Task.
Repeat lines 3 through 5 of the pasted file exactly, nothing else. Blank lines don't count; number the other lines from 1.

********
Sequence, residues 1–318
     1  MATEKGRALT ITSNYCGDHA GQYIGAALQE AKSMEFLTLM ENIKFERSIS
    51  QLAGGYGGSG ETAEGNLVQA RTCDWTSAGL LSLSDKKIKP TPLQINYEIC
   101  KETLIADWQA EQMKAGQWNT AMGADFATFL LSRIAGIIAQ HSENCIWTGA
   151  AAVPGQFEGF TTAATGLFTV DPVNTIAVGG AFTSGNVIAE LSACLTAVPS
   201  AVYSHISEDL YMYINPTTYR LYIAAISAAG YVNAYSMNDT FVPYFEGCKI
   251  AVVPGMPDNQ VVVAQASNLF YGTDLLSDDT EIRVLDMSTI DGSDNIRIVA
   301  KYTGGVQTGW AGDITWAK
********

    51  QLAGGYGGSG ETAEGNLVQA RTCDWTSAGL LSLSDKKIKP TPLQINYEIC
   101  KETLIADWQA EQMKAGQWNT AMGADFATFL LSRIAGIIAQ HSENCIWTGA
   151  AAVPGQFEGF TTAATGLFTV DPVNTIAVGG AFTSGNVIAE LSACLTAVPS